Honors College Thesis


Parent and child participation in a play-based parent education course: Do infant and toddler social and emotional skills improve? Public Deposited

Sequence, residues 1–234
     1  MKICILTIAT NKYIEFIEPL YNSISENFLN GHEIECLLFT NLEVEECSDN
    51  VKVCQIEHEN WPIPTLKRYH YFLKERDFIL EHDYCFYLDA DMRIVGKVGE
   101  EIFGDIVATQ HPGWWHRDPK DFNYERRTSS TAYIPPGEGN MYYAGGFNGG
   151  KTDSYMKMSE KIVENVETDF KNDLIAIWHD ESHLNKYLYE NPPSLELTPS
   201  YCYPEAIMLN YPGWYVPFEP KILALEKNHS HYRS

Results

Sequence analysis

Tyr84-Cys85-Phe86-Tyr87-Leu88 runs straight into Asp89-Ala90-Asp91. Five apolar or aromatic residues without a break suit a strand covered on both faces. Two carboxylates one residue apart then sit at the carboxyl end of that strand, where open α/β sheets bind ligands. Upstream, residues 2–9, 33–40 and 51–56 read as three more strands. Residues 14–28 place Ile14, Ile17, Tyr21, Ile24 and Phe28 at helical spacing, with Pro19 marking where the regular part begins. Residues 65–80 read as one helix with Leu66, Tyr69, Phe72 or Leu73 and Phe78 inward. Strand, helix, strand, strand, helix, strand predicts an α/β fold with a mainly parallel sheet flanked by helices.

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  • When parents engage in responsive parenting, their children in turn develop well-rounded social and emotional skills that help them create positive relationships, as well as help children learn to express and control their emotions (Nenide & Sontoski, 2014). Parenting education courses can help support responsive parenting skills by educating parents on their child's abilities and how they as parents can support these domains (Yates, 2011). This thesis aims to understand how infant and toddler socio-emotional skills change as a result of parent and child participation in a 10-week parenting education course, Live and Learn. Eleven mother-child dyads participated in a 10-week parenting education program, called Live and Learn. Mothers were, on average, 30.82 years old, identified as White, and earned approximately $2,000-3,999 monthly. Children were, on average 10.6 months and were primarily White. Mothers completed a Social Emotional Assessment Measure for Infants (SEAM-I; Squires et al., 2014) in week 2 (pre) and week 10 (post) of the Live and Learn program. To examine changes in children’s socioemotional skills, a paired t-test was executed. Results revealed no significant difference in socioemotional skills for children (Mpre = 124; Mpost = 128). Key limitations include a small sample size and that only mothers participated. Future research should work to include a larger sample size, as well as involve fathers and different parenting groups (single parents, grandparents).
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